Figure 2

Schematic diagram with LFM images of nanoscale molecular dots showing the essential requirements for patterning and aligning multiple nanostructures by DPN. (A) A pattern of 15-nm-diameter MHA dots on Au(111) imaged by LFM with an MHA-coated tip. (B) Anticipated placement of the second set of MHA dots as determined by calculated coordinates based on the positions of the first set of dots. (C) Image after a second pattern of MHA nanodots has been placed within the first set of MHA dots. The white jagged line is an Au(111) grain boundary.

The method that we have developed for generating pristine multiple ink nanostructures in registry with one another required an additional modification of the experiment described above and in Fig. 2. Because the MHA SAM dot patterns were imaged with an ink-coated tip, it is likely that a small amount of undetectable ink is deposited in the unpatterned area while imaging. Such deposition could significantly affect some applications of patterned materials prepared by DPN, especially those dealing with electronic measurements on molecule-based structures. To overcome this problem, we make use of micrometer-scale alignment marks drawn with an MHA-coated tip (cross-hairs in Fig. 3A, contact force ∼0.1 nN, scan speed = 4 Hz, relative humidity ∼30%) to precisely place nanostructures on the Au substrate without cross-ink contamination. In a typical experiment, we draw an initial pattern of 50-nm parallel lines (contact force ∼0.1 nN, scan speed = 4 Hz) composed of MHA and separated by 190 nm (Fig. 3A). This pattern is 2 μm away from the exterior alignment marks. An image of these lines is not taken with the MHA-coated tip to avoid contamination of the patterned area. The tip is then replaced with an ODT-coated tip. This tip is used to locate the alignment marks (not the first set of lines), and then precalculated coordinates based on the position of the alignment marks (Fig. 3B) are used to pattern the substrate with a second set of 50-nm parallel ODT SAM lines (contact force ∼0.1 nN, scan speed = 4 Hz) (Fig. 3C). These lines are placed in interdigitated manner and with near perfect registry with respect to the first set of MHA SAM lines (Fig. 3C).

Figure 3

Diagram depicting the method for generating aligned soft nanostructures. (A) The first pattern is generated with MHA (denoted by white lines), along with microscopic alignment marks (cross-hairs), by DPN. The actual lines are not imaged to preserve the pristine nature of the nanostructure. (B) The second set of parallel lines is generated with ODT molecules, on the basis of coordinates calculated from the positions of the alignment marks in (A). (C) LFM image of the interdigitated 50-nm-wide lines separated by 70 nm.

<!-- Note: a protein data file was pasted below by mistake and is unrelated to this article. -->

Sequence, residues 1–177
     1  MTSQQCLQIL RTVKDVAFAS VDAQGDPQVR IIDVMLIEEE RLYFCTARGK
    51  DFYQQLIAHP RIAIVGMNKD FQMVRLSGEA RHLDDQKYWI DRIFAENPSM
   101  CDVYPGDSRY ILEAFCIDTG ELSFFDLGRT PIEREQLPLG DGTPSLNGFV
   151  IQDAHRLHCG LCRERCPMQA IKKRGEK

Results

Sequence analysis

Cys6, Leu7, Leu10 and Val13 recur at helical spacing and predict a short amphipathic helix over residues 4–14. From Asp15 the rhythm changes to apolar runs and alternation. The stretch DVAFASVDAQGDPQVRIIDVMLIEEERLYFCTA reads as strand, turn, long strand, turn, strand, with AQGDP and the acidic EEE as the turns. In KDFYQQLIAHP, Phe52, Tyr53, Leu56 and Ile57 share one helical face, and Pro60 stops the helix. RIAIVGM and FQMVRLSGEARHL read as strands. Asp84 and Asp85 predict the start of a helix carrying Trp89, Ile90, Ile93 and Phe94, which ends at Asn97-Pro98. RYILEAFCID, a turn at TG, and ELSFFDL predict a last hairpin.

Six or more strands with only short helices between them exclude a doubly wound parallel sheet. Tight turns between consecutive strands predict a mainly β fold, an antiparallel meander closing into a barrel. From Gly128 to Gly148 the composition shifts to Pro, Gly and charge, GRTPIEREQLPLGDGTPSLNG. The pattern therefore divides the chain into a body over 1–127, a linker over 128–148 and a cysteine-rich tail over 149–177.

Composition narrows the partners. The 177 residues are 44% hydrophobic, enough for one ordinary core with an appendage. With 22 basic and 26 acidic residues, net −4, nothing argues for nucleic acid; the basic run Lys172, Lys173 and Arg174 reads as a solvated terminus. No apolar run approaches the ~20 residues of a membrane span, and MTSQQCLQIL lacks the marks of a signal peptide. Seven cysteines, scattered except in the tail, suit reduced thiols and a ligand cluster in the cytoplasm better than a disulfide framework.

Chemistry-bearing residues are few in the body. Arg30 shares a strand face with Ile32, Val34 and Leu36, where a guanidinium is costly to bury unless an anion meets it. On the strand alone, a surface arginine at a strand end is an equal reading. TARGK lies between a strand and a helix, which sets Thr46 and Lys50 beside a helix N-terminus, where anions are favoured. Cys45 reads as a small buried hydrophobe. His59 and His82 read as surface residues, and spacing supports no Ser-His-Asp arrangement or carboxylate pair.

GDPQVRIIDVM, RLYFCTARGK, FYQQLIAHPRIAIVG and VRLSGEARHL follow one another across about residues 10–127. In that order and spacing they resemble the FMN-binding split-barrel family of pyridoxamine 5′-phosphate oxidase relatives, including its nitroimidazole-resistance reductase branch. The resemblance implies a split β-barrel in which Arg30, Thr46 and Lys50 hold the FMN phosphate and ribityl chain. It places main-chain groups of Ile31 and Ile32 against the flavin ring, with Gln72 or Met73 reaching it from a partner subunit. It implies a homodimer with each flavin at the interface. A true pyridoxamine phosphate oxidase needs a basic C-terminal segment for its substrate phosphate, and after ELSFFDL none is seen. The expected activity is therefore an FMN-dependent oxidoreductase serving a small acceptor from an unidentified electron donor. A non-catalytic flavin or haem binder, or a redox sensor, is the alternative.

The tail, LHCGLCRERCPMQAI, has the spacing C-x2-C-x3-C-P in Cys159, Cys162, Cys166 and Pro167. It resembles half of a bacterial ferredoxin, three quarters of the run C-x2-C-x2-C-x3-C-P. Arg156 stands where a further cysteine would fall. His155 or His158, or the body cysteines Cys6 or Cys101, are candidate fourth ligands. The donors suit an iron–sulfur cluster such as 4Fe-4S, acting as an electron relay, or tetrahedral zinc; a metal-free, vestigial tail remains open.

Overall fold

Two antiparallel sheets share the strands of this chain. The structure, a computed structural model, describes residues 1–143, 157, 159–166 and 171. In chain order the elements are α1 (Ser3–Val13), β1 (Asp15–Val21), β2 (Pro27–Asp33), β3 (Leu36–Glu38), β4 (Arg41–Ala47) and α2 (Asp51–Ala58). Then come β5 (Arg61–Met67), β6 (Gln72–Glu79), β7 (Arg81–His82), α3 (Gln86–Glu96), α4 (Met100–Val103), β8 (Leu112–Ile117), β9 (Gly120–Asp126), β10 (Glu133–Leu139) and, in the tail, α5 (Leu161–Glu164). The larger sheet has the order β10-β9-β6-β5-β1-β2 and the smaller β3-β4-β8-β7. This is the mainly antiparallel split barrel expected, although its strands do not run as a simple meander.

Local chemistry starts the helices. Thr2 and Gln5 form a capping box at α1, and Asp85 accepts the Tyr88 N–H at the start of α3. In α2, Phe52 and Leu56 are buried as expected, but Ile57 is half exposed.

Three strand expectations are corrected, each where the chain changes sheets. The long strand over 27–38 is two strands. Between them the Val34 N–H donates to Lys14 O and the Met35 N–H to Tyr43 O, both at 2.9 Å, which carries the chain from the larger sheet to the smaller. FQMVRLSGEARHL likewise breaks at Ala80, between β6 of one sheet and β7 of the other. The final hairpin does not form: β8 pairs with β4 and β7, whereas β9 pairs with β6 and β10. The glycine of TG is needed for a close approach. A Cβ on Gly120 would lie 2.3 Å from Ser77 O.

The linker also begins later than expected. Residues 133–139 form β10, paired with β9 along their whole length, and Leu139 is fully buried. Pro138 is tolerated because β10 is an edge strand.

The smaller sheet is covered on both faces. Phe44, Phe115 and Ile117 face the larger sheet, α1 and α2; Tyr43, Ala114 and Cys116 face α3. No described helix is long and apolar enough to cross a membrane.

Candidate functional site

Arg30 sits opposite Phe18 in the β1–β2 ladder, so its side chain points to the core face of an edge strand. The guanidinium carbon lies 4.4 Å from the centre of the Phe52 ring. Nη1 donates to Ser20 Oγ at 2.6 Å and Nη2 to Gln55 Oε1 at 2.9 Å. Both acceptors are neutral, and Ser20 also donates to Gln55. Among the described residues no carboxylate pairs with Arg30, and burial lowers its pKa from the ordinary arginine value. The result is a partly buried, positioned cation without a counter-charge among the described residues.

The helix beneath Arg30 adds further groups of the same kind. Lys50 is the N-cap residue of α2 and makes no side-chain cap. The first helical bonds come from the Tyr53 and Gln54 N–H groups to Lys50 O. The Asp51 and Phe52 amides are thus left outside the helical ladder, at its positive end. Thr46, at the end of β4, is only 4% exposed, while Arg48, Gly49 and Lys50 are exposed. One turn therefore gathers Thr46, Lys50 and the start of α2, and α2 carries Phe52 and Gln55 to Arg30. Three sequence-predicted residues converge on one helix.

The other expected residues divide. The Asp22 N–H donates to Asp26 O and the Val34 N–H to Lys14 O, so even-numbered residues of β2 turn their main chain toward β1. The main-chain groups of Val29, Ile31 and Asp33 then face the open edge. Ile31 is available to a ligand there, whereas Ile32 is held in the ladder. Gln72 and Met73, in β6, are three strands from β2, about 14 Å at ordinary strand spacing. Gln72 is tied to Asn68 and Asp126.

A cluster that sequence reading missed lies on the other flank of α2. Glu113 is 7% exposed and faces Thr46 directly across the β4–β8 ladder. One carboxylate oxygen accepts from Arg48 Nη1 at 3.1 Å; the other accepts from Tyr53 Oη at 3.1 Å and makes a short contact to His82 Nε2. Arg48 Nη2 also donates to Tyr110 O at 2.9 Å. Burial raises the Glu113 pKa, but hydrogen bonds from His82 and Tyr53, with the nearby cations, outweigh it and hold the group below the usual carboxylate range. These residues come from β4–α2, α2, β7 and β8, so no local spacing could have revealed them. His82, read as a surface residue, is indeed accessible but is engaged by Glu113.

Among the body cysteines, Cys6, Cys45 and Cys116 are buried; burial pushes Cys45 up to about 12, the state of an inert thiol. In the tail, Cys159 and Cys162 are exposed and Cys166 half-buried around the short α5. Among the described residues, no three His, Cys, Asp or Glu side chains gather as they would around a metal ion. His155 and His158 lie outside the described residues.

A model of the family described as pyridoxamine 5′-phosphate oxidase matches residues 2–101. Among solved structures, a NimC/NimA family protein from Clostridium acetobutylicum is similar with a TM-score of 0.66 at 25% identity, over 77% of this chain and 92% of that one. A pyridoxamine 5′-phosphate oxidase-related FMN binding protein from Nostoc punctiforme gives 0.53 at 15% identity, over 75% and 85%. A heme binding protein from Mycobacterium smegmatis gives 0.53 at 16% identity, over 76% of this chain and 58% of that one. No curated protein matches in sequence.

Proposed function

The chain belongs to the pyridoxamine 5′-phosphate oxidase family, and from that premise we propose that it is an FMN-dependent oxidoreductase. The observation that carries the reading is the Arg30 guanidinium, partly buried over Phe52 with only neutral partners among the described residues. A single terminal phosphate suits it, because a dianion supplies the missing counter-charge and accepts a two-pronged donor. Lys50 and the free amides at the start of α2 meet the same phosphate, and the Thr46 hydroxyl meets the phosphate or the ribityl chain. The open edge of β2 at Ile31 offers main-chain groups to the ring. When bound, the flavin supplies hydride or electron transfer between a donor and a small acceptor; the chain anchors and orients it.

An additional capability of DPN, which we refer to as “overwriting,” involves generating one soft structure out of one type of ink and then filling in with a second type of ink by raster scanning across the original nanostructure. Because water is the transport medium in the DPN experiment and the water solubilities of the inks used in these experiments are very low, there is no detectable exchange between the molecules used to generate the nanostructure and the ones used to overwrite on the exposed gold (Fig. 4). We used a MHA-coated tip to generate three geometric structures, a triangle (80-nm linewidth, 30-s writing time per side), square (60-nm linewidth, 20-s writing time per side), and pentagon (30-nm linewidth, 8-s writing time per side) (contact force ∼0.1 nN, scan speed = 4 Hz, relative humidity ∼35%). The tip was then changed, and a 3 μm by 3 μm area that comprised the original nanostructures was overwritten with an ODT-coated tip by raster scanning four times across the substrate (contact force ∼0.1 nN, scan speed = 4 Hz). Increasing the scan size to 4.3 μm by 4.3 μm and imaging the patterned areas with an uncoated tip (contact force ∼0.1 nN, scan speed = 5 Hz, relative humidity ∼35%) shows the MHA-patterned areas (white, high friction), the ODT-overwritten areas (dark blue, low friction), and the surrounding unmodified Au (light blue, medium friction).

Figure 4

SAMs in the shapes of polygons drawn by DPN with MHA on an amorphous Au surface. An ODT SAM has been overwritten around the polygons.

The multiple ink capabilities of DPN will offer opportunities to begin studying the interactions between highly sophisticated, multicomponent nanostructures and molecules in solution or the gas phase on a scale that was previously unattainable. Moreover, they will empower those in the field of molecule-based electronics to generate and evaluate customized multicomponent soft nanostructures that are interfaced with macroscopically addressable circuitry.

  • * To whom correspondence should be addressed. E-mail: camirkin{at}chem.nwu.edu